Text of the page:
New York, 28 December 2015
I’ve described in a previous post the beautiful, and really very unique, High Line Park in New York. On our first visit to the park, we heard that the Whitney museum was planning to relocate from uptown to new premises bang on the High Line. Now, two years later, the plans have come to fruition, and since we are once again in town to celebrate Christmas and New Year with the children we decided to go and visit.
The building itself was designed by the architect Renzo Piano, he of the Centre Pompidou in Paris (along with fellow architect Richard Rogers)
and, less felicitously, of the Shard in London
along with a string of projects in between. The new Whitney is not as spectacular as these two, giving the impression of being more of a workmanlike project – how to give the museum lots of exhibition space – and blending in quite well with its surroundings.
One also gets beautiful views across the Hudson River from its windows.
Perhaps it’s just as well. I mean, the main purpose of going to a museum is not so much to see the container as to see what is contained (I grant, though, that a handsome packaging can add lustre to what’s in the package). So let me focus on the contents.
Actually, I don’t really want to focus on the contents as such, but rather use them to meditate on something which gets under my skin when it comes to really modern art – let’s say, stuff produced in the last sixty years i.e., during my lifetime.
I happen to think that the primary purpose of any piece of art should be to adorn one’s abode in a way that gladdens the heart and puts a spring in one’s step. The key, though, is that the piece of art should fit through the door of one’s abode and, once in, should fit on a wall of that abode (or, if a sculpture, on a small table or shelf). The core of the Whitney’s collection, from the ’30s and ’40s, would do this admirably. For instance, there was a lovely Hopper on view which would could be passed through the door of our apartment quite easily and would fit quite nicely on one of its walls.
It’s one of several delectable Hoppers in the collection. Or I wouldn’t mind at all putting this painting by Charles Demuth on our wall.
Getting it into the apartment would be a breeze – I think it could probably even fit it into the small elevator we have in our building, thus avoiding us having to carry it up three flights of stairs.
But as we get into the late ’50s, early ’60s, the pieces begin to grow. We would just about be able to manhandle this Pollock which the Whitney has through our apartment door, but I think we would have difficulty finding a place for it on the wall.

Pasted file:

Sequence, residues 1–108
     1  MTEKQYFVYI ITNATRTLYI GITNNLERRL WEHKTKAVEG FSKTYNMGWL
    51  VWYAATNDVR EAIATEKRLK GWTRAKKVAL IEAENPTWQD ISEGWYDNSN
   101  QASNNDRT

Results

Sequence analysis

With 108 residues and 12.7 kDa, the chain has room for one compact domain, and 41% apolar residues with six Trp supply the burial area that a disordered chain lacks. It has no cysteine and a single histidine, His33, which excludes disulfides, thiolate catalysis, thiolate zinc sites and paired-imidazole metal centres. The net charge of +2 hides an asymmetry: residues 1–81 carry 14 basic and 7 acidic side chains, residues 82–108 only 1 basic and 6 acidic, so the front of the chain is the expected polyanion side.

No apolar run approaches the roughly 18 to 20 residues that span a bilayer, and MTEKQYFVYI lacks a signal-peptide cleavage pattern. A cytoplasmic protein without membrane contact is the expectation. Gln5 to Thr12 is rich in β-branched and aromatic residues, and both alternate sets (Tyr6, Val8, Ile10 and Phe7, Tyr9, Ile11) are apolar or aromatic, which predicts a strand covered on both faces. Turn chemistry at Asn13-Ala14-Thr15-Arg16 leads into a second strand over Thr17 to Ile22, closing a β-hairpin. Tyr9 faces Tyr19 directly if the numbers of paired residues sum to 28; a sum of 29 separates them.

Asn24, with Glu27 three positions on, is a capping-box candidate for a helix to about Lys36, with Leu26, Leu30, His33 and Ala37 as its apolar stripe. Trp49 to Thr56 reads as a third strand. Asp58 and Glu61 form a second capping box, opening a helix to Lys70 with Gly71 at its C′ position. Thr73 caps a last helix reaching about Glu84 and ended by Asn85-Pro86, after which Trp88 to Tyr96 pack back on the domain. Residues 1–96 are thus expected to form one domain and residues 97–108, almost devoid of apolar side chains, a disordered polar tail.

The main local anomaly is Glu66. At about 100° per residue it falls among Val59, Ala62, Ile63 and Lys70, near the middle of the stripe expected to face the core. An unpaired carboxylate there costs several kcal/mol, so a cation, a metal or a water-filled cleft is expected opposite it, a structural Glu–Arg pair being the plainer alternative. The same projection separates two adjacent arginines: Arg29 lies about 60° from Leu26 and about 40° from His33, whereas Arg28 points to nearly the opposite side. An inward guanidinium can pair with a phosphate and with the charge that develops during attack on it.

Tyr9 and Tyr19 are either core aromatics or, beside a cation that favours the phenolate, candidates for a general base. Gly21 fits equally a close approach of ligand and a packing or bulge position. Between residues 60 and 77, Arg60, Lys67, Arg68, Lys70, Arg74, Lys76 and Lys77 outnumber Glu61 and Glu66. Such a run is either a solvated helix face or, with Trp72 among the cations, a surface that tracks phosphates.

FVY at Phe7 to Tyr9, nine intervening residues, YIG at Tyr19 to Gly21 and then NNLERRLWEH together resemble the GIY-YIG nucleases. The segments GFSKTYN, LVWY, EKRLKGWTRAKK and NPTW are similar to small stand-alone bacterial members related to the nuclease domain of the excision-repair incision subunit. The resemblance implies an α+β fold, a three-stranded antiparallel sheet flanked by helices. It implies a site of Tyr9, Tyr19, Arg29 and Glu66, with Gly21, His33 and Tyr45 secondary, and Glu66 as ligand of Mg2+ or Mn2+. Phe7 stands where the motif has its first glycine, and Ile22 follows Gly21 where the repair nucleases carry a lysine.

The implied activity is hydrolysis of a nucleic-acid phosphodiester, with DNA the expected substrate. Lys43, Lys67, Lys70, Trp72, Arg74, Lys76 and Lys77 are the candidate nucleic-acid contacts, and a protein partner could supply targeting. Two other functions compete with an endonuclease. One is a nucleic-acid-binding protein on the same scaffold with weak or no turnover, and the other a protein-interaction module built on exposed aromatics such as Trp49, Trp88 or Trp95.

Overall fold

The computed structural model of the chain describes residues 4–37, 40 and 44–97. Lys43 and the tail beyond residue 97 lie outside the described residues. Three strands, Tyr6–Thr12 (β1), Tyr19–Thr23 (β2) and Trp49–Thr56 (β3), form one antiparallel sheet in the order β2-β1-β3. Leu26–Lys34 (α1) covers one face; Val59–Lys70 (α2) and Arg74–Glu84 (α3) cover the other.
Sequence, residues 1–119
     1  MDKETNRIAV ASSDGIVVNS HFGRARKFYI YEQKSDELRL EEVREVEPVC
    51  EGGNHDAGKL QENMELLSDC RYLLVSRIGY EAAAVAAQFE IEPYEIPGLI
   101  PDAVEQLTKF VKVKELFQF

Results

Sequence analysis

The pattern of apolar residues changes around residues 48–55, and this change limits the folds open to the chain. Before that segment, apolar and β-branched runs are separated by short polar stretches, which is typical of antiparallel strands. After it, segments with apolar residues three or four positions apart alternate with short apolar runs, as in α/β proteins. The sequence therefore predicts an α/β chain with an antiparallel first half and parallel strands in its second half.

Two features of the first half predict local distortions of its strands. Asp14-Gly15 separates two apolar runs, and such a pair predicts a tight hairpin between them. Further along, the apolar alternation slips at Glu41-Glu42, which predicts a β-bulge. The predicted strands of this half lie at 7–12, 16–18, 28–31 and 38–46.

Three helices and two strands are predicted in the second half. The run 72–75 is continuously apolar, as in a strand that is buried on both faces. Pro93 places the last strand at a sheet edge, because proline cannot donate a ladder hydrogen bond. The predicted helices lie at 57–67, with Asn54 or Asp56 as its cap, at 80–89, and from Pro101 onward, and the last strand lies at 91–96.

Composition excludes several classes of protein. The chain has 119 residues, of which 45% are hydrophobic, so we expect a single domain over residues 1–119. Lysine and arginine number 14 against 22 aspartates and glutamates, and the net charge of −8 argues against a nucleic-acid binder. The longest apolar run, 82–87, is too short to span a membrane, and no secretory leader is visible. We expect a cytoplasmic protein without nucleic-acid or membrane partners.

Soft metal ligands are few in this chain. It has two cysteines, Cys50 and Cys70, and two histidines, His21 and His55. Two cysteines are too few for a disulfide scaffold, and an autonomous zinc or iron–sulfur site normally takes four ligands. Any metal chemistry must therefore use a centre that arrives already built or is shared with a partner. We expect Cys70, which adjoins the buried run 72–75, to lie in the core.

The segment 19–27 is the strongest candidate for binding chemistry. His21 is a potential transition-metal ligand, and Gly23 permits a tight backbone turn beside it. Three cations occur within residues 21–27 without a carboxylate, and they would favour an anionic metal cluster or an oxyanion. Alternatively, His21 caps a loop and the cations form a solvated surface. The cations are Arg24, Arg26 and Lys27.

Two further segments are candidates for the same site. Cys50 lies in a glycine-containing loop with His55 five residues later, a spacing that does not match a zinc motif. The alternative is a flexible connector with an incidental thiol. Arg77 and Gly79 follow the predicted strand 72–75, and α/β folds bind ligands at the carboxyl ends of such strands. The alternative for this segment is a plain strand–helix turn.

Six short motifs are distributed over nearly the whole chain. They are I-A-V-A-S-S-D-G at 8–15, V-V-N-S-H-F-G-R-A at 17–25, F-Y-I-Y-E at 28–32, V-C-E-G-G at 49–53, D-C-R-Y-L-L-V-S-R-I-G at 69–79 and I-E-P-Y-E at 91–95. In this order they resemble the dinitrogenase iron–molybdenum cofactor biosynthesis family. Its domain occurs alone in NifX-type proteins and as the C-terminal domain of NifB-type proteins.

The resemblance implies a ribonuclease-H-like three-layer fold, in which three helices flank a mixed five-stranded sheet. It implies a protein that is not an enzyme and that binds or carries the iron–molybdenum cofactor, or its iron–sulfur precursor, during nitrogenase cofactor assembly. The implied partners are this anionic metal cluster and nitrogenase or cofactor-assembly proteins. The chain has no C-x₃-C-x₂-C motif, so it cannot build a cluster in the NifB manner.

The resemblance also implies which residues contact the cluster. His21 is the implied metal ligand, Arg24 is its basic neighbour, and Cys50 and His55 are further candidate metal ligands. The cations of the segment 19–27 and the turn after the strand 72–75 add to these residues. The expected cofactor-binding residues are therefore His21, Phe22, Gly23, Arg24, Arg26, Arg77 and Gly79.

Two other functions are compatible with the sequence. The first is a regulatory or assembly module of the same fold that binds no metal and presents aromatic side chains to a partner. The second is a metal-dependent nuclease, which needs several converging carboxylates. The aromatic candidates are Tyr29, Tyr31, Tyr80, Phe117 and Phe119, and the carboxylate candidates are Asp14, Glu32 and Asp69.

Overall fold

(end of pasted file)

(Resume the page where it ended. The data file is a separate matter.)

And this painting by his wife Lee Krasner would be impossible to hang in our apartment, it’s just too damned big let alone of a size to get through the door.
The pieces in the Frank Stella show which the Whitney is currently organizing were even worse. They were huge lumbering monsters, which would not even fit through the front doors of our apartment building, leave alone through the door of our apartment.
And even if by some miracle we got them into the apartment, many of his pieces jut out, making it hard to have any furniture around them.
Of course, given the stellar prices for modern art, only plutocrats can afford to buy these pieces. But do even they live in such palatial abodes as to make it possible for such a piece to fit snugly in the living room, say? I find it hard to believe.
I can only assume that much modern art is either made for large and powerful multinational corporations, whose huge atriums or corporate boardrooms in their Headquarters have enough space for such pieces
or it is made for museums such as the Whitney which have large exhibition spaces. Either way, art for the people it is not. And that’s a pity, because at the end of the day art should be for us, something which we can hang on our wall and admire for decades or even centuries before perhaps donating it to a museum.
I think it’s time for a new art movement, the FOTS (“Fits Over The Sofa”) movement.
Centre Pompidou: http://www.leparis.pl/centre-georges-pompidou-muzeum-sztuki-wspolczesnej/
The Shard: https://en.m.wikipedia.org/wiki/Renzo_Piano
The Whitney (both views): http://whitney.org/About/NewBuilding
View across the Hudson: http://elizabethbarton.blogspot.com
Edward Hopper “Early Sunday Morning”: http://collection.whitney.org/artist/621/EdwardHopper
Charles Demuth “My Egypt”: http://collection.whitney.org/object/635
Jackson Pollock “Number 27, 1950”: http://www.allartnews.com/pollock-and-the-irascibles-the-new-york-school-opens-at-palazzo-reale-in-milan/
Lee Krasner “The Seasons”: http://www.brooklynstreetart.com/theblog/2015/04/30/the-new-whitney-opens-may-1-america-is-hard-to-see/#.VoE8i3o8KrU
Frank Stella: http://www.nytimes.com/2015/10/30/arts/design/tracking-frank-stellas-restless-migrations-from-painting-and-beyond.html?_r=0
Frank Stella: http://www.hedgefundintelligence.com/Article/3503103/Steve-Cohen-sponsors-Frank-Stella-exhibition-at-the-Whitney-Museum.html
Headquarter atrium art: http://houston.culturemap.com/news/entertainment/03-02-13-image-bending-spanish-artist-transforms-downtown-houston-office-atrium-with-iwavesi/slideshow/
Corporate boardroom art: http://www.artworks-solutions.com/news/view/corporate-art-works
Space over sofa: http://www.utrdecorating.com/blog/hanging-pictures-sofa/